As in so much else, Progressives hold an outdated conception of the debate over entitlements. They conceive it as the Left supporting generous entitlements for seniors and the poor with no questions asked, no obligations expected, versus the right supporting no safety net at all, let private charity handle it, and if some of the poor have to starve, and some of the sick suffer or die without health care, because private charity is inadequate, so be it.
But modern, free market conservatives have built on Hayek’s recognition that social safety nets are not inconsistent with free markets, and just reflect modern social responsibility. Free market conservatives today are advancing fundamental entitlement reforms that would actually serve seniors and the poor far better than today’s outdated entitlement programs based on old fashioned, 19th century, tax and spend conceptions. These free market safety nets would be based on market competition, incentives, and individual choice. They would rely primarily on modern capital and labor markets to achieve their goals far more effectively. Their incentives would promote productive behavior that contributes to rather than detracts from economic growth and prosperity for all.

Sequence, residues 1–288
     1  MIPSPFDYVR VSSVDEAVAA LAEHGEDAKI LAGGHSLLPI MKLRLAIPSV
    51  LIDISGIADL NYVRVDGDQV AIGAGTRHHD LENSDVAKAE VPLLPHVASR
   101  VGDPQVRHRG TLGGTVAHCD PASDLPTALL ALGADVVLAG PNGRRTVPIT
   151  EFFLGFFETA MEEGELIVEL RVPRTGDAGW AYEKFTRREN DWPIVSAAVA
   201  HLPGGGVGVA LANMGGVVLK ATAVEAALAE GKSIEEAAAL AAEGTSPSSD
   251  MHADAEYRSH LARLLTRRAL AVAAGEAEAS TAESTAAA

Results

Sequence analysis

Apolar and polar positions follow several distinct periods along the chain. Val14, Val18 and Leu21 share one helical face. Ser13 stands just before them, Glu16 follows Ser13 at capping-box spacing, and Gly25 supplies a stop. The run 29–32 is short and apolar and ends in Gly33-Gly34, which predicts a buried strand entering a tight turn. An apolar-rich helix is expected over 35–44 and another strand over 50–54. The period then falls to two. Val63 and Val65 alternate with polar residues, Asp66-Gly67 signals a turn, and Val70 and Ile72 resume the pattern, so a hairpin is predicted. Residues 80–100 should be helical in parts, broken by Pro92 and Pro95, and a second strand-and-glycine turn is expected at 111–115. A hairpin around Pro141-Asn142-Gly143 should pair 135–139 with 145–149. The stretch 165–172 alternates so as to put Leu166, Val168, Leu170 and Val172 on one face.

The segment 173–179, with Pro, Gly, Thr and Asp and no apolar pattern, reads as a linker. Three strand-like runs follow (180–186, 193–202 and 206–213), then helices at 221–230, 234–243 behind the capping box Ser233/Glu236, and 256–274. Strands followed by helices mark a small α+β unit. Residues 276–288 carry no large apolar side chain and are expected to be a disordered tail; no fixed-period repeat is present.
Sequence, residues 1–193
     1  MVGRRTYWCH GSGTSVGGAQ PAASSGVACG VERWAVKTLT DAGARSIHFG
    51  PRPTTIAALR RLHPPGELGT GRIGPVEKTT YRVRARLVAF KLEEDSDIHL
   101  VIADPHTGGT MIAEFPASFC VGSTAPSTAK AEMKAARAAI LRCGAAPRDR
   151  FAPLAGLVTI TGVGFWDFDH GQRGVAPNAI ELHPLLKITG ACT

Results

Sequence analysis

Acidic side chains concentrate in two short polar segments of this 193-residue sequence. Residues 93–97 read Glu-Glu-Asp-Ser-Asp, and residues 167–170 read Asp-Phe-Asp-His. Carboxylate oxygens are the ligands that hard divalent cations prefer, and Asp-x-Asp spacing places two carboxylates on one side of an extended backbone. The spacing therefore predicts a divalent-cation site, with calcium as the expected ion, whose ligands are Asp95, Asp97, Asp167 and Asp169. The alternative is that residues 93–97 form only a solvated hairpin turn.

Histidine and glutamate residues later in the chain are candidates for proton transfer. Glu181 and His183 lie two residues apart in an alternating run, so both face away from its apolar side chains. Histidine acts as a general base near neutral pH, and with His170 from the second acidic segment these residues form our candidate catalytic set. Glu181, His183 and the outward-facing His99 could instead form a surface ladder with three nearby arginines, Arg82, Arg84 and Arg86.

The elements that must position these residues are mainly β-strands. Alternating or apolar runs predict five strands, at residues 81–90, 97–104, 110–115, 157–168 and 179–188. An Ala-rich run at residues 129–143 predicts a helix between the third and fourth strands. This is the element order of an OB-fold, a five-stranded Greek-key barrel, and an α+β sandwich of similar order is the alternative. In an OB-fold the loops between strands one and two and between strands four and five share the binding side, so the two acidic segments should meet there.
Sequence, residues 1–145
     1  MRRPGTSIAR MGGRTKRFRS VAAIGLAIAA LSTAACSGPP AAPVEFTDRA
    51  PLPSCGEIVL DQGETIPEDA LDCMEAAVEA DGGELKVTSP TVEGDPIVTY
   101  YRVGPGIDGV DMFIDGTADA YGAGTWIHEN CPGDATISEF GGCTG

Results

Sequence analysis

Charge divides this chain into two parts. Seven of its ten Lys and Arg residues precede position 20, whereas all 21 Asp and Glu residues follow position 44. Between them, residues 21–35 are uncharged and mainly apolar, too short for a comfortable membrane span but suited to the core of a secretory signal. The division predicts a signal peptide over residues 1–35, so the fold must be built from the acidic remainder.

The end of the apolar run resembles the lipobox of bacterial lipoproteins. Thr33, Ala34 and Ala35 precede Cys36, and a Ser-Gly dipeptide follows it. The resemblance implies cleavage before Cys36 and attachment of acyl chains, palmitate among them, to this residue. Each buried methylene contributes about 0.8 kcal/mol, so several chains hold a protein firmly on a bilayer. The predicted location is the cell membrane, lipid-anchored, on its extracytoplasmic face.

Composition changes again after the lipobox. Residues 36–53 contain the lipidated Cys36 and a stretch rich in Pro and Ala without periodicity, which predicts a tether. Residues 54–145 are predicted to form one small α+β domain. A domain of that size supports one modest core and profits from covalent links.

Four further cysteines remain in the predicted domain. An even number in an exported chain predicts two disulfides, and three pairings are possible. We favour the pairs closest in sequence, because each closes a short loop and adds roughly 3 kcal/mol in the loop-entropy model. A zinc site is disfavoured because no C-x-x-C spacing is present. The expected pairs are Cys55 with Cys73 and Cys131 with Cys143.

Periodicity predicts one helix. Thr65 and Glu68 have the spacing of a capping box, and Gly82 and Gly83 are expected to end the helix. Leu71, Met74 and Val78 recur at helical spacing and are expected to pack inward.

A case in point is Medicaid, the national entitlement program for the poor, to ensure that no one suffers without essential health care due to lack of money. That was one focus of the Presidential debate between Obama and Romney this week, in which Romney again thoroughly flummoxed an uninformed Obama, lost deep in the last century. That program is also a central component of the entitlement problem threatening to bankrupt the nation.